#10 UND has fallen to a much more natural position in the Pairwise Rankings (PWR) than its lofty perch of the last couple weeks. If UND wins, its ranking goes up; it UND loses, its ranking goes down.
Follow up on last week’s predictions
In last week’s Weekly rankings analysis column I observed (and the outcomes were) that:
- UND had more downside than upside and was likely to slump with anything less than a sweep. (Another one point weekend later, UND indeed fell from #6 to #10, right between the predicted win 1 and win 0 curves).
- Mass.-Lowell similarly had more downside than upside, with only the comparison with UND as a possible gain and six comparisons as possible losses. (Mass.-Lowell took 3 of 4 points for the weekend and stayed #7 by taking the comparison with UND but losing the comparison with Miami).
- Ferris St had big movement potential from #21 with a sweep or being swept (Ferris St split the weekend and dropped just one spot to #22).
- Alaska had big movement potential from #18 (Alaska swept the weekend and climbed to #12, a much higher PWR than RPI).
- Cornell had big movement potential from #22 (Cornell lost two and dropped to #27).
- Dartmouth had the most downside potential from #9 (Dartmouth split the weekend and dropped to #15).
Bottom-line: this stuff works and reveals useful information that would be difficult to uncover browsing the comparison tables. But enough back-patting.
In my first PWR post two weeks ago, I noted that UND was artificially high at #7 and needed to win about 6 of 14 remaining regular season games to finish in the at-large bid range of 13-15. UND has since gone 0-2-2 (.250) but dropped only to #10 in PWR.
UND still has a ton of downside potential if they continue to lose, but things are evening up a little with some upside potential for a sweep.
In the longer run view, the rough equivalent of 1 win has left UND needing about 5 wins in the remaining 10 games to be most likely to finish the regular season in the at-large bid range. Remember, though, that big moves can occur with a winning streak in the conference tournament.
on UND’s PWR
|UND over Wisconsin (2 of 2)||11.57|
|UND over Wisconsin (1 of 2)||6.84|
|Holy Cross over Canisius (2 of 2)||1.74|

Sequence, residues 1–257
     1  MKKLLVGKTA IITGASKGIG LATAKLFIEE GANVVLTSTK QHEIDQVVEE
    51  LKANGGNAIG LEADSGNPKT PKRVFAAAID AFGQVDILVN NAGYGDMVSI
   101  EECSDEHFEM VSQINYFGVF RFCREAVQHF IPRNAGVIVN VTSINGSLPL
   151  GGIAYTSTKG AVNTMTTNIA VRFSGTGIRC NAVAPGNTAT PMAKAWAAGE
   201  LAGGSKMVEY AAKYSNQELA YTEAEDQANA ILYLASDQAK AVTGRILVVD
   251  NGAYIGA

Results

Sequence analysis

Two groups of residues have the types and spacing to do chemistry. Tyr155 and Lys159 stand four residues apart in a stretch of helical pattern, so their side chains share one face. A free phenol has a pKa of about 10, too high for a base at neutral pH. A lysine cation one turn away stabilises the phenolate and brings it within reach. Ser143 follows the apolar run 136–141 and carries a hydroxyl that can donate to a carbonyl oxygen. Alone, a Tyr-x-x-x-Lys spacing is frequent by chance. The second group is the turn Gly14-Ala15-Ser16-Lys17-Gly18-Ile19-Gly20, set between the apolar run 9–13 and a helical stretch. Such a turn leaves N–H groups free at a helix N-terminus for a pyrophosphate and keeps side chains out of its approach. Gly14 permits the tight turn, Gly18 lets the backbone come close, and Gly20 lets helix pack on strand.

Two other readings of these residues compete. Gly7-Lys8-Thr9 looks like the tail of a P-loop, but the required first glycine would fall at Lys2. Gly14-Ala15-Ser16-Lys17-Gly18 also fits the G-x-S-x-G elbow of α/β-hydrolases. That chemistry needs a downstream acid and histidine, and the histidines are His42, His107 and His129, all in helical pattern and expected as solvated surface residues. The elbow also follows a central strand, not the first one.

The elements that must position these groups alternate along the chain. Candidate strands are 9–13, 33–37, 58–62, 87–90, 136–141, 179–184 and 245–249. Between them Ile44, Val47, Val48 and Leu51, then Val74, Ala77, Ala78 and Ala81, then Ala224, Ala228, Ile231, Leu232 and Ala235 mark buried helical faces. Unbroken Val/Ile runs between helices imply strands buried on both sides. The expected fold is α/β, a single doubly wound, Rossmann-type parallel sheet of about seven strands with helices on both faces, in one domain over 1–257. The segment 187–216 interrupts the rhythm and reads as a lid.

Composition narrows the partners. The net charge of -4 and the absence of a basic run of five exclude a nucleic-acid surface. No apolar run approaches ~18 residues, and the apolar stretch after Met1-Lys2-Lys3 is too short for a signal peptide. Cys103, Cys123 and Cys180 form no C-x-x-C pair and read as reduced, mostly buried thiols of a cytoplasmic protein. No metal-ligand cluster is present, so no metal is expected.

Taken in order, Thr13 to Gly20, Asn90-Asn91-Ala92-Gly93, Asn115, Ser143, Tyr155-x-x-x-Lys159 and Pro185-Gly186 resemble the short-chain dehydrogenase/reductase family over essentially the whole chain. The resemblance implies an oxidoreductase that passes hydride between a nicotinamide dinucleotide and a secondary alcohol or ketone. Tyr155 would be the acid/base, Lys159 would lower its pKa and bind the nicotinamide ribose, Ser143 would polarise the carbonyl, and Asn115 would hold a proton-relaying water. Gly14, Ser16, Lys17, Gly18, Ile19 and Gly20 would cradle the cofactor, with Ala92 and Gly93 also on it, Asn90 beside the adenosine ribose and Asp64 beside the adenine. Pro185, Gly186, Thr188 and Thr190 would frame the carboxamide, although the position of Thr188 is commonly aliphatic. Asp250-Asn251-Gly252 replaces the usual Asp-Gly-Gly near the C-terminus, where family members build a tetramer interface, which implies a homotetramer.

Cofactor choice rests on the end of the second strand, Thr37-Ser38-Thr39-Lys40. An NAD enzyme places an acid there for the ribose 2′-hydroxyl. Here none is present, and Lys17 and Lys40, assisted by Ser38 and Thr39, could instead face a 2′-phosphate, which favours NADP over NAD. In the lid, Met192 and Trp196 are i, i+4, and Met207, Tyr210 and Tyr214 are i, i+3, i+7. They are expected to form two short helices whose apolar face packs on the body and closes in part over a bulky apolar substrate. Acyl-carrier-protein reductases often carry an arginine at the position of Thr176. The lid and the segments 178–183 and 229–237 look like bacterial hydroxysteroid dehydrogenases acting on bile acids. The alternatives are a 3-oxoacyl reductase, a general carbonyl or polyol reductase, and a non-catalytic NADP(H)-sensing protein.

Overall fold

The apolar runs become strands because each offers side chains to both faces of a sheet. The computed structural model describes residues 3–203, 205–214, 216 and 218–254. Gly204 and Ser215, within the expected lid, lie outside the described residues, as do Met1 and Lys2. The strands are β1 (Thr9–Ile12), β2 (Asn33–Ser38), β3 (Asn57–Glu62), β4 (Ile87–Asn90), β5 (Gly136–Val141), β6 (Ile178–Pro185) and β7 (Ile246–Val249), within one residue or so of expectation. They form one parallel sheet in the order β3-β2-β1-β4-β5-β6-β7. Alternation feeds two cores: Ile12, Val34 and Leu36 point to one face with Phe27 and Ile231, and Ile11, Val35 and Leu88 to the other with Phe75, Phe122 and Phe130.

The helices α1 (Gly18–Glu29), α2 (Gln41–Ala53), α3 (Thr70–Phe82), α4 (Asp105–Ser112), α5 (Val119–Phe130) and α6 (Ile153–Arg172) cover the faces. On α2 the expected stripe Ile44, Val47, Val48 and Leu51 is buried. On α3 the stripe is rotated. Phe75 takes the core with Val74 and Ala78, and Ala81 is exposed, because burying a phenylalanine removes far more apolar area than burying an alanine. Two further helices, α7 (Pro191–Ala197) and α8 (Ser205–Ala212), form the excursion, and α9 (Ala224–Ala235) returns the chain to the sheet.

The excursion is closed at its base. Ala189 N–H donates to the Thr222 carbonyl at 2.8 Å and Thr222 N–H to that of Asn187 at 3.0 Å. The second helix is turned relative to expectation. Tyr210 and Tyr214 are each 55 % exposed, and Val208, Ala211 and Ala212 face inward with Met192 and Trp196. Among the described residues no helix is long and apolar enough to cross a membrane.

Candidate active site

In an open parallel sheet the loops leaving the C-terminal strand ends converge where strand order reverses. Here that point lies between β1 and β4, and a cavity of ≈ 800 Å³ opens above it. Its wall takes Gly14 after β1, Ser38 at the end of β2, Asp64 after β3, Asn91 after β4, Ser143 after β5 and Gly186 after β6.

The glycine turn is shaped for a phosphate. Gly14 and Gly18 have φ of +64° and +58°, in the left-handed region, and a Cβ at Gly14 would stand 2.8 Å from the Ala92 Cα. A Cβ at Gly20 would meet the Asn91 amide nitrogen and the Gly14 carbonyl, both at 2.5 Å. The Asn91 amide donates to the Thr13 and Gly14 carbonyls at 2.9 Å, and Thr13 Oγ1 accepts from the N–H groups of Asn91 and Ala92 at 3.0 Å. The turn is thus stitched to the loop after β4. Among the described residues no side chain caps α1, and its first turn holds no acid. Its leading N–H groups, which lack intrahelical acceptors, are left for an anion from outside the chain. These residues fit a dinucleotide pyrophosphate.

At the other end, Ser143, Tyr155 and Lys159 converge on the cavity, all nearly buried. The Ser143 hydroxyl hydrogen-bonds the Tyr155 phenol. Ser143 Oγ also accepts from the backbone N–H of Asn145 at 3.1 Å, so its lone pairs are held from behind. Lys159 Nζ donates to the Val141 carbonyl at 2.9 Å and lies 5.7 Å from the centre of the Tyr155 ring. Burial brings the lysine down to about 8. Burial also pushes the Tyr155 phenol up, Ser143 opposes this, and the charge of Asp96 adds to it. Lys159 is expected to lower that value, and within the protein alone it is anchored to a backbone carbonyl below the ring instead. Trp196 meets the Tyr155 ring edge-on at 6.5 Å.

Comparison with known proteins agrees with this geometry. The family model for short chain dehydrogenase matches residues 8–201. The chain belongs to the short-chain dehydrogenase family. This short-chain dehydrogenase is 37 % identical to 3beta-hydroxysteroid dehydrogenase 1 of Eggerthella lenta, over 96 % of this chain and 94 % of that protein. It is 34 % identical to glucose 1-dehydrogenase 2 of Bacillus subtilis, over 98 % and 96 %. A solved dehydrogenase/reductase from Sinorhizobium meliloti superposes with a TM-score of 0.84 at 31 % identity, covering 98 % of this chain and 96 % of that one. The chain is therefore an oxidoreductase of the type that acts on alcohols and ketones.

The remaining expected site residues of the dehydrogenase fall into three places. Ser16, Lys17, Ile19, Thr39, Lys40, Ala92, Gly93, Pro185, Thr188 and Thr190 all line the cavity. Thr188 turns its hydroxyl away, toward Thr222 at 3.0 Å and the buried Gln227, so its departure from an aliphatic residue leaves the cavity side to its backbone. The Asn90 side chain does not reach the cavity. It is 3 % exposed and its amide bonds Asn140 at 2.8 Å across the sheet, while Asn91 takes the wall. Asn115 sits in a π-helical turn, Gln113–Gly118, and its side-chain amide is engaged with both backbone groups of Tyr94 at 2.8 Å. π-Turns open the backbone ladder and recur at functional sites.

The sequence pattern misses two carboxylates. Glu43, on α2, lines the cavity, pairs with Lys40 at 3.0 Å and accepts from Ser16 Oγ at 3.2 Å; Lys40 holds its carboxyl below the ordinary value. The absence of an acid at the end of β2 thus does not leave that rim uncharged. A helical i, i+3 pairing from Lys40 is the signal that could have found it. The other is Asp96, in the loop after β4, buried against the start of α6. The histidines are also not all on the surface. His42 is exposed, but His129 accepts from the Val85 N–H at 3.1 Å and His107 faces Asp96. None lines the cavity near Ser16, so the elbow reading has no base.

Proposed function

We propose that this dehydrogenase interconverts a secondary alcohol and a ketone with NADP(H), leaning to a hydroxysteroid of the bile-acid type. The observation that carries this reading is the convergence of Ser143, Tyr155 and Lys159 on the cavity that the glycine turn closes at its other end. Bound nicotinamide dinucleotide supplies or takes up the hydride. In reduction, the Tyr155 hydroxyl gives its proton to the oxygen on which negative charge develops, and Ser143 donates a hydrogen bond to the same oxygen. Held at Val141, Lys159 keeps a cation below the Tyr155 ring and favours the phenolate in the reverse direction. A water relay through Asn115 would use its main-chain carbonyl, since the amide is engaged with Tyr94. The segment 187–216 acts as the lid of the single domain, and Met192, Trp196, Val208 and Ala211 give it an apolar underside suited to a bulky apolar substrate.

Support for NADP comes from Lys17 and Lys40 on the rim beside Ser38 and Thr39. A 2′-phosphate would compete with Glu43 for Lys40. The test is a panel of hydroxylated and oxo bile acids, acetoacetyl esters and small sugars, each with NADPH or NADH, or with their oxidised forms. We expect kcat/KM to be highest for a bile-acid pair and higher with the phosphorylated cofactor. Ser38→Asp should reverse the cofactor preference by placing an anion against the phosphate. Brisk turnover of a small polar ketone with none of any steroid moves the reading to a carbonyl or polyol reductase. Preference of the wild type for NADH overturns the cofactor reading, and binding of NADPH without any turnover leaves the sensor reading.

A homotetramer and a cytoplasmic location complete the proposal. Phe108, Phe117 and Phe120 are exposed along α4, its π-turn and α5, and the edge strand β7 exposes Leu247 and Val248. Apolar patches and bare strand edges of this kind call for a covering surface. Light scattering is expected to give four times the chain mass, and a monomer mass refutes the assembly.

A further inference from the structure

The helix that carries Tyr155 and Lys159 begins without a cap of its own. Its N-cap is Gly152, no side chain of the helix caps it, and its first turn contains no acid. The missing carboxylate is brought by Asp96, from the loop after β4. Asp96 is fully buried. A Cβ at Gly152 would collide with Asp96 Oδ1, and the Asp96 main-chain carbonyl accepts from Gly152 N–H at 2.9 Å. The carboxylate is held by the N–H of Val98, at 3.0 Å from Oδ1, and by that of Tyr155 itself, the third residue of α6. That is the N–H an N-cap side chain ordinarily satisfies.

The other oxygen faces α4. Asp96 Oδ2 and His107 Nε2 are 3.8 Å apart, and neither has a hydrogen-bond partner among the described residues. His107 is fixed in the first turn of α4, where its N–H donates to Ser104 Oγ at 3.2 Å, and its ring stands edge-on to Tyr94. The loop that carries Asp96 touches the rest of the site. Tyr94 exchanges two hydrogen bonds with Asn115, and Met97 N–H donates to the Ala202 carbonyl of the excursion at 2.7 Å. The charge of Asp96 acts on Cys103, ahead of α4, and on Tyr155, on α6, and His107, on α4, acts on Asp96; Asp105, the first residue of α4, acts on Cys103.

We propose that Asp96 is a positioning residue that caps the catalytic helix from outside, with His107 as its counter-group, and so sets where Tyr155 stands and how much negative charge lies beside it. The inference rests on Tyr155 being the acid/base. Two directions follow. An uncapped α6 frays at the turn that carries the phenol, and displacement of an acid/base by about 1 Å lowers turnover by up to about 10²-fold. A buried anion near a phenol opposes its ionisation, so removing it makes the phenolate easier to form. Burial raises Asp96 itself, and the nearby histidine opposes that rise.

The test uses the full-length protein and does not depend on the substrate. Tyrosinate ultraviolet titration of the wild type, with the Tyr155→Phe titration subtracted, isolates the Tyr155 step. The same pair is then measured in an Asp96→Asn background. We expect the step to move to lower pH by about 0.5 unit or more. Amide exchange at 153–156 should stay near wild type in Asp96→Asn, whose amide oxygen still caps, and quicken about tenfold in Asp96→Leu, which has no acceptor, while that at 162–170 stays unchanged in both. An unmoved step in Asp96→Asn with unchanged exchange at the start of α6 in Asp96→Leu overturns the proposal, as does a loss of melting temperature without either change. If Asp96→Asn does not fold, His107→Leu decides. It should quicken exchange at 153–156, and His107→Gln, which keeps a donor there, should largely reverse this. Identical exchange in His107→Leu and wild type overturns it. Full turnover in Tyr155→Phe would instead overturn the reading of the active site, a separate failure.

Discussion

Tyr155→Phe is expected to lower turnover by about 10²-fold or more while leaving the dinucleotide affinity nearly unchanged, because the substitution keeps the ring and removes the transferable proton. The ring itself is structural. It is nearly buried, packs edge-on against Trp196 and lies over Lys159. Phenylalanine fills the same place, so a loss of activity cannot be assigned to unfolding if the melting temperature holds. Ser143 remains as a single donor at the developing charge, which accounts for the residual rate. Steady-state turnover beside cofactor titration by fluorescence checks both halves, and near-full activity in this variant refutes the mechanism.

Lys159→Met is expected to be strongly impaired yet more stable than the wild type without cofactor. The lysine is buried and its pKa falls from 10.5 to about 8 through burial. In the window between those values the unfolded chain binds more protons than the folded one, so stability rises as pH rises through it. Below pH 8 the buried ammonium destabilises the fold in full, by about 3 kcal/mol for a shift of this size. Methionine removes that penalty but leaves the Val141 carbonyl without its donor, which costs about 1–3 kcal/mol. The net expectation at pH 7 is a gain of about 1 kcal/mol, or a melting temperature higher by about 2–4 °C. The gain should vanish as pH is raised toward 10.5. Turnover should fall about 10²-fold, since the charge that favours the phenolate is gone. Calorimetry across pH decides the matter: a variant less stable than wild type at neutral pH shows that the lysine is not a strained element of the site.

|Holy Cross over Canisius (1 of 2)||1.59|
|Minnesota-Duluth over Denver (2 of 2)||1.30|
|Michigan Tech over Nebraska-Omaha (2 of 2)||1.10|
|Minnesota-Duluth over Denver (1 of 2)||1.04|
|Michigan Tech over Nebraska-Omaha (1 of 2)||0.89|
|Bentley over Niagara (2 of 2)||0.76|
|Ferris St over Western Michigan (2 of 2)||0.71|
|Bentley over Niagara (1 of 2)||0.56|
|Rensselaer over Dartmouth||0.56|
A lot of those are obvious with a quick glance at UND’s PWR comparisons.
- Holy Cross is in danger of not being a TUC, but UND needs its 2 wins over the Crusaders to contribute to its mediocre record vs. TUCs (currently .500).
- Denver could pass UND in RPI with a better weekend than North Dakota. Also, Duluth becoming a TUC seems to give UND a little juice (probably due to UND’s 1-0-1 record vs the Bulldogs, better than UND’s record vs current TUCs).
- Nebraska-Omaha’s RPI could climb to about .539 with a sweep this weekend, which could allow them to take the comparison if UND also drops.
- Similarly, Niagara and Dartmouth could take their comparisons with UND with a climb in RPI and a drop by UND.
- Finally, UND barely loses the comparison with Western Michigan on the basis of RPI. Outperforming the Broncos this weekend would probably flip that.
Teams to watch
Biggest potential outcome (likelihood greater than 1%) spread of the week goes to UND (likely to come out between #5 and #23) and Dartmouth (likely to come out between #6 and #24).
Biggest upside potential goes to Nebraska-Omaha, which could climb a staggering 13 slots from #21 to #8 if everything went their way. This is mostly due to their reasonably strong RPI for a #21 team.
Biggest downside potential goes to Mass.-Lowell, which could drop 14 slots from #7 to #21 if everything went wrong. The looming disaster for Mass.-Lowell is clearly their miserable .250 TUC record coming into play when they hit 10 games vs. teams under consideration. It won’t happen this week without a little movement on the cliff (Maine isn’t a TUC), but it will eventually if they don’t gain some wins vs. TUCs.
Each forecast is based on at least one million monte carlo simulations of the games in the described period. For each simulation, the PairWise Ranking (PWR) is calculated and the results tallied. The probabilities presented in the forecasts are the share of simulations in which a particular outcome occurred.
The outcome of each game in each simulation is determined by random draw, with the probability of victory for each team set by their relative KRACH ratings. So, if the simulation set included a contest between team A with KRACH 300 and team B with KRACH 100, team A will win the game in very close to 75% of the simulations. I don’t simulate ties or home ice advantage.
- Current PWR Rankings (SiouxSports.com)
- Current RPI Rankings (SiouxSports.com)
- CHN PWR Rankings (CollegeHockeyNews.com)
- TBRW build your own rankings (slack.net)
- Explanation of how PWR mimics NCAA tournament selection (CollegeHockeyNews.com)